Dear fellow Special Education teachers,
I see you spending hours designing and curating the anchor charts of your classroom.
I see you trying to create the perfect graphic organizer that pairs the functions of sequencing and sentence starters with the aesthetics of a student’s all time favorite Anime character.
I see you then scrapping this project and finding yourself deep in a Pinterest hole wondering who are these master teachers that can create such elaborate lesson plans and resources that make us feel like mere mortals.
I see you slouching over and writing an IEP on the weekend at your favorite local coffee shop, since you do not have a minute to spare (what is lunch?!) during the school week.
I see you advocating for your students day in and day out and explaining until you are blue in the face that often the students who challenge us the most are the most in need of our consistent support and love.
I see your resilience, your patience, and your fierce determination – even when you do not feel that specific parents, students, or fellow staff members appreciate your efforts.
By signing onto this underpaid and underappreciated profession, you have entered into an elite club of like-minded – some might even say irrational – specialists willing and ready to accept any challenge. Because as we know, the checklist is never-ending, and every day in the classroom will simultaneously strengthen and humble you.
The Special Education Teacher’s Guide to Survival is intended to be a platform for all of us to share our experiences, resources, and proposals on how to improve the profession. In my first few years teaching, I spent hours after work Googling, reading manuals, and researching best practices, since I felt ill equipped for the trials that I faced in the classroom.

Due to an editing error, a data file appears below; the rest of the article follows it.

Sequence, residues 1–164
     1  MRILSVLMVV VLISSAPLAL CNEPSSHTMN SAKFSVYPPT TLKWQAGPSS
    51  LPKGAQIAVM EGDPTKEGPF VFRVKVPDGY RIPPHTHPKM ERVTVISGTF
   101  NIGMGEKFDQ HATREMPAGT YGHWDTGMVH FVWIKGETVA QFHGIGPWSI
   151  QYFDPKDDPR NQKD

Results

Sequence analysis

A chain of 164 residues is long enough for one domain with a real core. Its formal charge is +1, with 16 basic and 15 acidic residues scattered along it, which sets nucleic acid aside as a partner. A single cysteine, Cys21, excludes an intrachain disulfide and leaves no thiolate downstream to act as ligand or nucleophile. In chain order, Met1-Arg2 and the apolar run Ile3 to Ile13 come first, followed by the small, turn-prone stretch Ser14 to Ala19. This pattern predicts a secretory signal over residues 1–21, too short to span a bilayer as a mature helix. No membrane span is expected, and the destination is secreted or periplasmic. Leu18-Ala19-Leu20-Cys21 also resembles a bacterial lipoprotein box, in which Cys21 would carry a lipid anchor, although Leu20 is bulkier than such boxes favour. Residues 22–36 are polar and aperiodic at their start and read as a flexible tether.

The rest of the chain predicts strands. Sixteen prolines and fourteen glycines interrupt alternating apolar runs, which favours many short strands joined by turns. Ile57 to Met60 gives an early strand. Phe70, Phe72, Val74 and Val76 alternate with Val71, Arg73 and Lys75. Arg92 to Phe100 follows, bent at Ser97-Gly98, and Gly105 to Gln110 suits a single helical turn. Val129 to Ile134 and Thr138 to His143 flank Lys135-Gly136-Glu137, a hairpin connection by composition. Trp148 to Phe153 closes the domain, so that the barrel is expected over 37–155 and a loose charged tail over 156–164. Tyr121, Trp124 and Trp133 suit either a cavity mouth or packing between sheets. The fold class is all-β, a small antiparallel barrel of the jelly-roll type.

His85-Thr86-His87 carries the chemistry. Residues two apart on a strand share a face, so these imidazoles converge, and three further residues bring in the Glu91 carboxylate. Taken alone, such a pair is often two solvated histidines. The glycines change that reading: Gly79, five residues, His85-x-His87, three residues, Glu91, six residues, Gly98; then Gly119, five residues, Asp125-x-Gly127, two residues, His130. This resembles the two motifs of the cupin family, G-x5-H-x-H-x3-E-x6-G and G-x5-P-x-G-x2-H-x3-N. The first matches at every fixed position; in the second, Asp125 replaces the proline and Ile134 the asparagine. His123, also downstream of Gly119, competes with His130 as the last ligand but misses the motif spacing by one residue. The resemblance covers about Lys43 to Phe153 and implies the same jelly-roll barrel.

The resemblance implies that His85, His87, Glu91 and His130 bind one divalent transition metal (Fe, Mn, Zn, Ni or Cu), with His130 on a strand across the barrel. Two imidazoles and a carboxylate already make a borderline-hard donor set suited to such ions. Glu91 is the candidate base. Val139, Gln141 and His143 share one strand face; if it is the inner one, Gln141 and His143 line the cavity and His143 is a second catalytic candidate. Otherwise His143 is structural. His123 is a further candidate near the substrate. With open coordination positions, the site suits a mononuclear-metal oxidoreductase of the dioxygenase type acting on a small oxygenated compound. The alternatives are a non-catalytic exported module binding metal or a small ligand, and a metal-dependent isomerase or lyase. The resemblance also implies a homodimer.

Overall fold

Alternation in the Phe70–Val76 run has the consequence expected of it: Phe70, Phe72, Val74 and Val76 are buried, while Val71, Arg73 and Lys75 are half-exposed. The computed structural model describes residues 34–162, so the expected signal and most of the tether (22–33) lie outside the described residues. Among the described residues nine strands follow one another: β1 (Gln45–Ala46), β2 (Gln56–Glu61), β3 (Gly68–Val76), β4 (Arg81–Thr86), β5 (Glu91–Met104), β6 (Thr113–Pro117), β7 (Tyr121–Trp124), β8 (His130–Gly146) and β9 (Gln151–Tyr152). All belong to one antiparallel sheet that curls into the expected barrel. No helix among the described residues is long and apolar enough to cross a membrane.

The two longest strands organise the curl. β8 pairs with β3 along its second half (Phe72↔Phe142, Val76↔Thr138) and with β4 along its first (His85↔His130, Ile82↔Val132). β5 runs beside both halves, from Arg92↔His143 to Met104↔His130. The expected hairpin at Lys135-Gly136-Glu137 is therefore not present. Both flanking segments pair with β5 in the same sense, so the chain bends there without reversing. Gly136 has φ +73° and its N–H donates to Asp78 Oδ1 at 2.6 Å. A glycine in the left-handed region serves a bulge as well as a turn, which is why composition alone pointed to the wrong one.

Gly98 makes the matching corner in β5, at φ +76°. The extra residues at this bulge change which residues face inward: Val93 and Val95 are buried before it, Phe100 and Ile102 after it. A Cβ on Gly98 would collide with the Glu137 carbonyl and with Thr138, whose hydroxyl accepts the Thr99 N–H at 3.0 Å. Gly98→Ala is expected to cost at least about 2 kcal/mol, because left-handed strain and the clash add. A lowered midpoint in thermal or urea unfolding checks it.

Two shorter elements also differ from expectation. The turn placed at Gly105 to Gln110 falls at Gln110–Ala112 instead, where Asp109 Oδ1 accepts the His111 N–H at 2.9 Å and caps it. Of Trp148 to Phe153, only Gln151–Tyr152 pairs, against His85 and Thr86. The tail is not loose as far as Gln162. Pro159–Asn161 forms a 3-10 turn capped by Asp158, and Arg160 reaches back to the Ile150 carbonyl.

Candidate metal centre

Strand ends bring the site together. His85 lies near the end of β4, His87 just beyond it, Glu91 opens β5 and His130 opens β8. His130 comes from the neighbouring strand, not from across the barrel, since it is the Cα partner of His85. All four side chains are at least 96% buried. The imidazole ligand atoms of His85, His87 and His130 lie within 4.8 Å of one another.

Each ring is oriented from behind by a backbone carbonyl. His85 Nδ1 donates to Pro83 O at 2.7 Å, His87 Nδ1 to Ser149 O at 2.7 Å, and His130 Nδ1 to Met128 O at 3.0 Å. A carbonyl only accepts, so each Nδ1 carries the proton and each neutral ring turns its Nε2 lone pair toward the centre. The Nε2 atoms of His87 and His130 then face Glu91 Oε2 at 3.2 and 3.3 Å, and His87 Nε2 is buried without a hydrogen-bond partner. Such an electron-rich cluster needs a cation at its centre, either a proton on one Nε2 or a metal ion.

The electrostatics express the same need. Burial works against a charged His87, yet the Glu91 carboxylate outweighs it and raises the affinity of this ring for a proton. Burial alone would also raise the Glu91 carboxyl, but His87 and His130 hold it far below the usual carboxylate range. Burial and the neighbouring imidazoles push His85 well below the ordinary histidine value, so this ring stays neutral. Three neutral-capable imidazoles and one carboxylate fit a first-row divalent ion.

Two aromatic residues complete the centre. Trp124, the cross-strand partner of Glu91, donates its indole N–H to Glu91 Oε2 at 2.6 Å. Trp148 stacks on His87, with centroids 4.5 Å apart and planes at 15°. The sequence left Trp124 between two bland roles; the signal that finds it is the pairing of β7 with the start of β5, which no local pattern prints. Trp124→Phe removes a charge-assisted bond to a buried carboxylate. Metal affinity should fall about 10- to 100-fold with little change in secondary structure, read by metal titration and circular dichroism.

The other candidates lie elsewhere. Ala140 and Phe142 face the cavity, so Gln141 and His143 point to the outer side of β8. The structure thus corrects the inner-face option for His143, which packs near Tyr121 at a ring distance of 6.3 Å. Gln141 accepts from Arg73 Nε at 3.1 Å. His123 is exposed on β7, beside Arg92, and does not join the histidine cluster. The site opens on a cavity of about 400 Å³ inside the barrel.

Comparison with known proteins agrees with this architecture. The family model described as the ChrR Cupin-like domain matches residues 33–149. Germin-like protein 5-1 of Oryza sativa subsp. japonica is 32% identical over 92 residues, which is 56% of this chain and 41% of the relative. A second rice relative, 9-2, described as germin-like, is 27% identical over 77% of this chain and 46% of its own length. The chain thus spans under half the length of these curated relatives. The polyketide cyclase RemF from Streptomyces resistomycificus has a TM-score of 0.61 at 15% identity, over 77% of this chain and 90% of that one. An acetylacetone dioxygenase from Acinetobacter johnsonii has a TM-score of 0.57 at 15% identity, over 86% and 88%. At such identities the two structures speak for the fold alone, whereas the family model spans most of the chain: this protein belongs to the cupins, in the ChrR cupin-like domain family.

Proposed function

I am by no means an expert or a veteran teacher – I have more questions than answers. This website allows for me to research topics and learn from a supportive community how to meet the highly individualized needs of each child.
Lastly, we inevitably see shortcomings in the special education system. This is no surprise since the game-changing federal special education civil rights law, The Education for All Handicapped Children Act, is still shy of 50 years old. All of us on the ground fighting for our students and families are distinctively qualified to recommend changes to our current system as laws evolve, the cost of special education continues to rise, and new research emerges.
Thank you for all that you do everyday, and thank you for being a member of this wildly optimistic and relentlessly loving community of educators.